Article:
David Farnsworth brings us his promised insight into Provincial China today - with this comprehensive account of his recent visit and bike tour there.
And of course, as I mentioned in my last blog, Culture Shock is an issue, as is the health after being on the move for 30 hours getting ‘home’.
Three weeks in another town
My latest escapade involved three weeks in Weifang, which is a large city in Shandong Province, one of the wealthier provinces. Anhui, adjacent, is relatively poor, I believe. The pollution was the worst I have seen it since I started coming here in 2002. Eighteen days of it. Then the winds blew and the pollution disappeared. My Chinese friend, Kathy assured me it had gone to Australia. I keep mentioning the lack of water birds on all the expanses of water I pass. She assures me they are having a holiday in Australia. I went to Lake Wendouree in Ballarat and took some photographs to send her to show her how at home her birds are here.
Views from the train
On the train to Jinan (Provincial capital) I guessed that three-quarters of the smoke stacks were not working. I assume that the smaller factories have been closed down.
Certainly alternative methods of power generation are visible. In Shandong, almost every apartment has solar power. I would guess they are far cheaper than those sold here. Here in Weifang, they are placed on footpaths for sale, along with things like water melons.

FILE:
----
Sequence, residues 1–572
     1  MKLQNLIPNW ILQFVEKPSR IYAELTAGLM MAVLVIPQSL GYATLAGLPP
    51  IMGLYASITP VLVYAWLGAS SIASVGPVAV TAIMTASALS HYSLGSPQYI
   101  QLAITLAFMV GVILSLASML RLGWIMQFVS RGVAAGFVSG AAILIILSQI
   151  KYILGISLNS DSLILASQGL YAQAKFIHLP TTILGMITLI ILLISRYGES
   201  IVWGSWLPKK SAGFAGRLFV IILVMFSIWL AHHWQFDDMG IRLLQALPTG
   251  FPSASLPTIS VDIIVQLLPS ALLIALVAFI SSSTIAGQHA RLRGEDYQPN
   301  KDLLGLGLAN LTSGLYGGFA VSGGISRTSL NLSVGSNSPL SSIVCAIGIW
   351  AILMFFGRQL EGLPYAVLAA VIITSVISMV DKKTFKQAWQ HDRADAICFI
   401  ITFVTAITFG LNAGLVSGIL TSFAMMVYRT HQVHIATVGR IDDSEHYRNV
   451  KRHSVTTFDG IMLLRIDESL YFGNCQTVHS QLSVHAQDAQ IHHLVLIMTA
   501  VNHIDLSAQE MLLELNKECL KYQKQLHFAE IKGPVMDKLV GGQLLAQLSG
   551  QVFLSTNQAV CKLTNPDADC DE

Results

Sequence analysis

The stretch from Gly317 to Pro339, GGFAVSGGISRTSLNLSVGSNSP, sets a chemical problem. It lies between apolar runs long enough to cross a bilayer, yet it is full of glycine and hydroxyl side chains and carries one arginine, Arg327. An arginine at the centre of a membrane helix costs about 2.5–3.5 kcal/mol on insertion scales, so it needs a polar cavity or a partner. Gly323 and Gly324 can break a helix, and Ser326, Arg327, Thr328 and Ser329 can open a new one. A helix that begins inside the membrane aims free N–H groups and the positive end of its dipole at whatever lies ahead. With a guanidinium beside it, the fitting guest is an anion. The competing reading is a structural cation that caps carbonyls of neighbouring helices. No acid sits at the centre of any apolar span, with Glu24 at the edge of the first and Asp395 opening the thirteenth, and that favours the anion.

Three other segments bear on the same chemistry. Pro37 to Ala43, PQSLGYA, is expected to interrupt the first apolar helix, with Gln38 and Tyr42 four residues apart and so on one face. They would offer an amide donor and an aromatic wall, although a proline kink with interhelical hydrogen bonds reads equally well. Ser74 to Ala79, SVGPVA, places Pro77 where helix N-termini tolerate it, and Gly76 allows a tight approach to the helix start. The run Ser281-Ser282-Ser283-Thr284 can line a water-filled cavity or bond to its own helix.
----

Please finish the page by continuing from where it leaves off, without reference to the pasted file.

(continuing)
And the tree planting along the freeways is far more ambitious and advanced than our sporadic efforts. One of the student text books referred to these plantations as The Great Green Wall.
A previous mayor of the city undertook an amazing beautification campaign, where flowering fruit trees, forsythias, lilacs and magnolias are everywhere. My friend Kathy assures me that the magnolia was the Mayor’s favourite. Chinese gardens rely heavily on large rocks and water. Trees are cared for. I saw a large tree in the middle of a road, protected by concrete barriers.
How people live and what they earn
In the last nine years there has been a rapid improvement in the wealth / living conditions of the middle class. (I don’t really get to see the poor or the rural people.) Most middle class now have an apartment and a modern car. (German, American, French are being produced for the Chinese market as well as a large variety and number of Chinese designs.) A small electric car is available here for the equivalent of $1,000.
In the ‘old days’ I would see women collecting coal which had fallen from trucks or men rummaging through construction rubbish, collecting wire and bricks. Not anymore.